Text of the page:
For anyone who’s watched Game of Thrones on HBO (and that’s pretty much everyone), the ominous saying that ‘winter is coming’ can often ring true (and be just as scary) for hospitals, GP offices and healthcare providers. When temperatures drop, that means more people get sick with illnesses like the flu, bronchitis and could also lead to an increase in accidents on the road. All these scenarios mean one thing -- more people flooding doctors’ offices and hospitals. And there better be enough doctors, nurses, lab technicians and administrative staff on-hand to handle the rise in patients.
This has certainly been the case for the UK, in particular. According to stats released by NHS England, almost 40,000 people have already had to spend at least 30 minutes with an ambulance crew because emergency departments were too busy to accept them. Just think about the kind of operational strain the rise in flu and winter-related illnesses must be putting on the NHS and other healthcare providers.
While there’s no single answer to solving this major issue, technology can be a valuable tool to help the NHS, and other healthcare providers, solve these types of staffing issues when they do rise. Here’s how.
Technology can actually improve the quality of patient care
Unlike most other industries, the healthcare industry serves patients, who suffer from medical ailments, debilitating diseases and need regular check-ups to ensure they stay healthy and live long lives. Patient care has nothing to do with convincing someone to buy a product or service. It’s about the quality of the care - and that often comes down to how quickly they are seen by medical professionals, the ability to have necessary testing conducted on technical equipment and the follow-through.
For example, if all of the hospitals (and their frontline employees, such as doctors, nurses, etc.) under the NHS England system are all using the same internal communications platform, the NHS could easily and quickly notify the staff at certain hospitals of illness outbreaks or technical difficulties that could affect their ability to treat patients. You have to remember, healthcare workers don’t sit in front of a computer all day – they’re on their feet, rely on their mobile devices to access important messages/updates and are focused on treating patients thoroughly and efficiently. So if the X-ray machines in a certain hospital are not working, the technicians who operate the machines need to know about the issue and divert patients to another hospital. These types of issues can be resolved by using an internal communications app like Speakap (available on both iOS and Android) that keeps them connected and informed in real-time, 24/7.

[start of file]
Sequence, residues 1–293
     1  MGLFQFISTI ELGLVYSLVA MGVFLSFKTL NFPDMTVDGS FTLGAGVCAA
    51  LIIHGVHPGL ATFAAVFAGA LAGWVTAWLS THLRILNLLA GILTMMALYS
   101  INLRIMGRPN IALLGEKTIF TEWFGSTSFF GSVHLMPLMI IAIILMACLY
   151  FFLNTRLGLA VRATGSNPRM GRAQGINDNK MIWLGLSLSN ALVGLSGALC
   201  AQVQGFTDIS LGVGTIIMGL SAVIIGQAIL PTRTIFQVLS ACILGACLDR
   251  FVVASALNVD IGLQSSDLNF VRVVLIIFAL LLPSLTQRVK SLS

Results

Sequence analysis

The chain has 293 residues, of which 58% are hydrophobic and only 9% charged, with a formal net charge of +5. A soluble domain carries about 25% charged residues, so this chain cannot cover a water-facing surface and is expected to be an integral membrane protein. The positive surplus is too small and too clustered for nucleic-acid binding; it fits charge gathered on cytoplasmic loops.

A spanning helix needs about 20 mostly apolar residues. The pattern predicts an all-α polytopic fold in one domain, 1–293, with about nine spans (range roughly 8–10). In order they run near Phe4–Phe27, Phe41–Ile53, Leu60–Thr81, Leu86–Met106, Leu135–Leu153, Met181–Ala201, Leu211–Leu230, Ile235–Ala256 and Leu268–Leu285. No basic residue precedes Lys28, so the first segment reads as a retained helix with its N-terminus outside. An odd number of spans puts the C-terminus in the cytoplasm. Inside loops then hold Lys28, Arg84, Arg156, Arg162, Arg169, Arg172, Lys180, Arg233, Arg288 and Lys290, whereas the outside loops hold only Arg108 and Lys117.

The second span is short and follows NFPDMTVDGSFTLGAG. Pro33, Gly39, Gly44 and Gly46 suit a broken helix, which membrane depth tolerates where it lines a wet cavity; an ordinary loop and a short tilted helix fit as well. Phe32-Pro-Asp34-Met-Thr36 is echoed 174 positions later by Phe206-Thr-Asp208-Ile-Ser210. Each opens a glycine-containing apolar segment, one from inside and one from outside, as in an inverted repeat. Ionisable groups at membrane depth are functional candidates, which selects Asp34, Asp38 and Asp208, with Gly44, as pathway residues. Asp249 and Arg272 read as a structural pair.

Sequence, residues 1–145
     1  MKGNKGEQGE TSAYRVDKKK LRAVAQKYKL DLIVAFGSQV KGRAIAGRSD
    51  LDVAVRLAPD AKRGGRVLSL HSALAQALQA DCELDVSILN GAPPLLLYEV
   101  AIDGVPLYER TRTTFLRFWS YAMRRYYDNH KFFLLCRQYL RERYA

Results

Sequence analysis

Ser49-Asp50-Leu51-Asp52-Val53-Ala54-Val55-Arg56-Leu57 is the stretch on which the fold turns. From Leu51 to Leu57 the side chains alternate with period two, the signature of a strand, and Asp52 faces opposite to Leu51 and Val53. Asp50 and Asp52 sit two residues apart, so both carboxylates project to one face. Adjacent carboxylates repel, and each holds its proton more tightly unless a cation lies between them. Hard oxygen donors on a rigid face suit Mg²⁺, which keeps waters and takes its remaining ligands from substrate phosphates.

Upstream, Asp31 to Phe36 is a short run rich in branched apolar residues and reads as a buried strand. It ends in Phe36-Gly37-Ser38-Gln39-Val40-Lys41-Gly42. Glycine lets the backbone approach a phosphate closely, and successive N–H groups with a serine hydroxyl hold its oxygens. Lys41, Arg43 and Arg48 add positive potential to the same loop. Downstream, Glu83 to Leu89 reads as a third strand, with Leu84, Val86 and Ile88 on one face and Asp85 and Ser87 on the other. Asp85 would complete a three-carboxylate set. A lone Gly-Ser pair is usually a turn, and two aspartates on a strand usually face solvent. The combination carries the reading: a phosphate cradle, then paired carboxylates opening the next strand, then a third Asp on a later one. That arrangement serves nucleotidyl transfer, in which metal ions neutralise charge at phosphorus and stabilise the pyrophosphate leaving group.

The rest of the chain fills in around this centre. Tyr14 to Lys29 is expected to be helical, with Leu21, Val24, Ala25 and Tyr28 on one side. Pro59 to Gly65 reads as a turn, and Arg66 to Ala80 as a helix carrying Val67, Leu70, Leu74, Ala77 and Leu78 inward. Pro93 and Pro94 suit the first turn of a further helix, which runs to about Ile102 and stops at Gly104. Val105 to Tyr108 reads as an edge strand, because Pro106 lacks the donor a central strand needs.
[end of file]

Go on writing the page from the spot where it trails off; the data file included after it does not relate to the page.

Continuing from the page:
When disease outbreaks/crises occur, technology can be your best ally
Throughout history, infectious diseases - and the subsequent outbreaks - have wreaked havoc on communities all over the world. In 1918, Spanish flu infected 500 million people around the world and resulted in the deaths of 50 to 100 million people worldwide, making it one of the deadliest natural disasters in human history. There have been many others, from Tuberculosis to Ebola to SARS and many others.
I’m not trying to panic you about the spread of infectious diseases. What I do think is that, back when those infectious diseases had spread, the presence of an internal communications platform would have made such a difference in the speed with which care could have dispensed. Hospitals and medical professionals could have been informed quickly and easily about the expected increase in patients arriving, not to mention there could have special instructions provided about the symptoms to look out for and what types of precautions needed to be taken.
But if an infection disease were to spread now in the UK, for example, the NHS England could use an internal communications platform to easily and quickly notify the staff at certain hospitals of illness outbreaks or technical difficulties that could affect their ability to treat patients. It is important to remember that healthcare workers don’t sit in front of a computer all day – they’re on their feet, rely on their mobile devices to access important messages/updates and are focused on treating patients thoroughly and efficiently. So technology is a vital way to help the healthcare industry - and its many frontline workers - do just that.